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The good doctor on how to cope with the holidays
The holidays can be such a perfect time to work on yourself. Put another way: a perfect time to observe the issues you’re in the process of working on. Whatever it is you may be trying to change within, the externals, filled as they may be with family, friends, food, drink, spending, commercialism, merriment (forced?), travel woes and more, are guaranteed to provide an opportunity to see just how far you’ve come, and just what parts of yourself are still in need of your attention.
Sometimes we observe with a sense of humor, indicating that we’re doing pretty well, although perhaps there’s still some internal eye-rolling and tongue-biting going on. At the other end of the spectrum, maybe we’re in a state of wanting to numb ourselves until the whole ordeal is over. Probably most often the holidays offer some combination of happiness and old wounds being pricked; wonderful and difficult significant others; personal growth opportunities that bring about a sense of accomplishment when we succeed, and those that remind us that there are still insecurities or unresolved resentments to be tackled. Artfully speaking, the holidays have a way of showing us both our inner Norman Rockwell and our inner Edvard Munch.
Any and all of this may be sparked by a racist or homophobic comment from Uncle Morty at the holiday dinner table. Or by a passive-aggressive gift from Aunt Louise. Or by the behavior of a sibling with whom you have a long history that turns ever more prickly each year. Or by any other big white elephant in the middle of the room. Just the thought of returning to the family home at the holidays can bring about a sense of joy, dread, grief or angst, or some combo. Let’s face it: at the holidays, childhood rears its head, and the quality of yours—plus whatever personal growth work you’ve done so far—will determine how it all feels. And to think…we do this year after year, Thanksgiving to Christmas/Hanukkah/Kwanzaa.
So how do we gladden the tidings? My suggestion to you is that we absolutely have the power to allow this time of year to be an opportunity to do it more happily and healthfully. Here are three tips to help make the holidays a time that feels good to you, in all ways: mind, body and spirit.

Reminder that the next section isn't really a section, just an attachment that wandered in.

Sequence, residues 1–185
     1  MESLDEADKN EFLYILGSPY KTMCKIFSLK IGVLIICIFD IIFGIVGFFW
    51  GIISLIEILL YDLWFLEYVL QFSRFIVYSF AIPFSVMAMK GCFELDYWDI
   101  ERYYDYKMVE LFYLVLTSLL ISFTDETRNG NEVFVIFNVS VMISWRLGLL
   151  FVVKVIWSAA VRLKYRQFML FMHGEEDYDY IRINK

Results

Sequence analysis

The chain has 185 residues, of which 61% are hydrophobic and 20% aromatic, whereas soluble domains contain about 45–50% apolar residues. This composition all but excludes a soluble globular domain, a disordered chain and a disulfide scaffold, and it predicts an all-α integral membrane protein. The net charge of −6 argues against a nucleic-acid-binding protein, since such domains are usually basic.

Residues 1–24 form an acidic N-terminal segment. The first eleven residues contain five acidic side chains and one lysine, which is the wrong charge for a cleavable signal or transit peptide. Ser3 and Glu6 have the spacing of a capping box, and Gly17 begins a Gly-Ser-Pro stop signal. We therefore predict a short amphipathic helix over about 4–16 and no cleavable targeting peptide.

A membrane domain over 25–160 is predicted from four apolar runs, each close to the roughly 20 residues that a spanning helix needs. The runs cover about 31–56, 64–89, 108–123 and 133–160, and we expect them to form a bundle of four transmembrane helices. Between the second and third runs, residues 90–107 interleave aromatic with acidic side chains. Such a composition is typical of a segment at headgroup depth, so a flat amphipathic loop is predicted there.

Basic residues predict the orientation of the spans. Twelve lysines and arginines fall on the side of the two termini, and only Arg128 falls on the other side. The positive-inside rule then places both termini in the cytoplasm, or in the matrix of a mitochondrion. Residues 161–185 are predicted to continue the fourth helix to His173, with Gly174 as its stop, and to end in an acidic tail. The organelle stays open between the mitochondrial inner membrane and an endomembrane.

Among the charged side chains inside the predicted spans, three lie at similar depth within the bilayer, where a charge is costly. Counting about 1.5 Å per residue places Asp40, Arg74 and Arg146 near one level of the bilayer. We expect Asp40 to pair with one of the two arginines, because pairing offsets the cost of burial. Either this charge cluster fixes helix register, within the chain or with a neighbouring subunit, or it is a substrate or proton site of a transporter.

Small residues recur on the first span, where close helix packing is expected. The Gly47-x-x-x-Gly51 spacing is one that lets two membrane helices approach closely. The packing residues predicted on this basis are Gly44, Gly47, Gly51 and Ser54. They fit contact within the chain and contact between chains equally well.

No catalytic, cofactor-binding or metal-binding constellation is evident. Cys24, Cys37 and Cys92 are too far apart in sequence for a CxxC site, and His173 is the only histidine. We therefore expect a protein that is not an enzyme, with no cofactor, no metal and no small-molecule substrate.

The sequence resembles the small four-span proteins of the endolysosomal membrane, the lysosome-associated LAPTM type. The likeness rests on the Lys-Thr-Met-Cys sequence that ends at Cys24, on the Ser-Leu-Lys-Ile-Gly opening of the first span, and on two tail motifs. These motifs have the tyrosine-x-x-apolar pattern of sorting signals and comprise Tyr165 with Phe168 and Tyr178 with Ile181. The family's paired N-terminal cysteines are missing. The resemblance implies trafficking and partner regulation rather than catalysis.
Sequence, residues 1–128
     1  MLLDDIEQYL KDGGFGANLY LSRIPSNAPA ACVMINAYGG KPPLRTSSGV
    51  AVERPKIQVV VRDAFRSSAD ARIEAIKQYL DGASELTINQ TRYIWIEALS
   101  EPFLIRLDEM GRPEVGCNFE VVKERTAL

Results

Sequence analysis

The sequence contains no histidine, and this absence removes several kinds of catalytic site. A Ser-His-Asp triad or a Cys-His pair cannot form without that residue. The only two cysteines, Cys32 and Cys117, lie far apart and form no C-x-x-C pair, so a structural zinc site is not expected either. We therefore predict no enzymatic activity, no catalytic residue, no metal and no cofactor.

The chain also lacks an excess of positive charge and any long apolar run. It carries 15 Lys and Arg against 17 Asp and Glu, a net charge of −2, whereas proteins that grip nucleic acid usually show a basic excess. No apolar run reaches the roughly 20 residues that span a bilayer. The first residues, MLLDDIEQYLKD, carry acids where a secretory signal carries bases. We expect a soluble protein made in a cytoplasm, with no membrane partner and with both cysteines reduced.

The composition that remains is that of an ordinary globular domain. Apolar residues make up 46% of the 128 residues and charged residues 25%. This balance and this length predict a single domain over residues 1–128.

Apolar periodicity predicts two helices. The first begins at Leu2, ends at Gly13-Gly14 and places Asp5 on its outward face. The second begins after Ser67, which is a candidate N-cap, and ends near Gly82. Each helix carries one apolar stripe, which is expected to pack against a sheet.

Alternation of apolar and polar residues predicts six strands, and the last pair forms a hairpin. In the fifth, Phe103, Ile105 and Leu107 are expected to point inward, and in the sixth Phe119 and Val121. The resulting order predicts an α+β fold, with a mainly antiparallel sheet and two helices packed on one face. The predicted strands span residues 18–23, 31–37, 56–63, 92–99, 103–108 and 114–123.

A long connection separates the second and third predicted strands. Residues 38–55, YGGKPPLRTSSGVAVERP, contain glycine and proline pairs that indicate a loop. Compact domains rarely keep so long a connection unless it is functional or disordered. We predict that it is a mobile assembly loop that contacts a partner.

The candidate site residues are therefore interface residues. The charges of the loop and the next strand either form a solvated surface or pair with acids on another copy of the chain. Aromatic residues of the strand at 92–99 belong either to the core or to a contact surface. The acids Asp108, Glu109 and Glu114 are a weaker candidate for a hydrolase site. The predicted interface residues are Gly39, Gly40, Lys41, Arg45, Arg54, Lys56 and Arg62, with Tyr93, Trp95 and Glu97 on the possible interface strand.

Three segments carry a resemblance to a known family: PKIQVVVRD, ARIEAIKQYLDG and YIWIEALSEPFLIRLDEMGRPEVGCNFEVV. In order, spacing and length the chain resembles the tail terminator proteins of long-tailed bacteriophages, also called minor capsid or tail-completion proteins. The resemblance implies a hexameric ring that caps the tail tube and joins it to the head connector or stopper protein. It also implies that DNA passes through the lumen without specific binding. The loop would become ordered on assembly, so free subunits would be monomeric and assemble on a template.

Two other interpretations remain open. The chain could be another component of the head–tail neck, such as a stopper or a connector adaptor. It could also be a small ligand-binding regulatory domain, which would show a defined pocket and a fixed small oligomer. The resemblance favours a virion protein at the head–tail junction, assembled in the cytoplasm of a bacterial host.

• Pray / meditate / ponder gratefulness. An attitude of gratitude is a powerful thing. I believe that there is always, always something to be grateful for. So before your internal complainer has a chance to gather steam, think of this: Neale Donald Walsch (author of the Conversations With God series), reminds us that, “The struggle ends when the gratitude begins.” And humorist Garrison Keillor puts it this way: “Thank you, God, for this good life, and forgive us if we do not love it enough.” Perhaps a gratitude meditation of your own can help prepare you for whatever challenges your holidays may offer. Get to a quiet place…breathe…and remind yourself that no matter what, you’ll be OK.
• Take care of yourself while you take care of others. In past columns, you’ve read about the problems that occur when you lose yourself in the busy-ness of the season, or when you put everyone else’s needs first without honoring your own needs and wants, or when you simply can’t say “no.” The diminishing of your own importance, ignoring healthy boundaries, a lack of good self-care—these are the best ways I know of to plant seeds of resentment. If you get your holiday cookies through suffering or guilt or playing the martyr, it’s time to look at that, because the holidays are when all these buttons are absolutely going to get pushed. So you might as well start your process of paying attention now. Believe me, everyone will be happier.
• Go hug a tree. Now, you can take this as literally as you’d like. What I mean is, take a break. Observe your own pace, and when you start to race too fast, talk too fast, eat too fast, think too fast, drive too fast, slow down. You know the feeling I’m talking about. Use it as a red flag to remind you to take a breath. Push the pause button. And maybe spend the afternoon over a long lunch with a good friend. Or call an elderly relative and really listen to them, with nothing else on your mind. Sit on the back porch with a cup of tea or a glass of mulled wine and breathe in the energy of the universe. Get out of yourself, and think of a creative act of kindness to do for a stranger. Play with the dogs. Go for a walk. Hug a tree.
I hope these suggestions help make your holidays the best ever. My gift to you is a wish for great joy, strong health, and a forgiving spirit. Until next time, from Byron Katie: “Our loved ones will continue to press every button we have, until we realize what it is that we don’t want to know about ourselves yet.”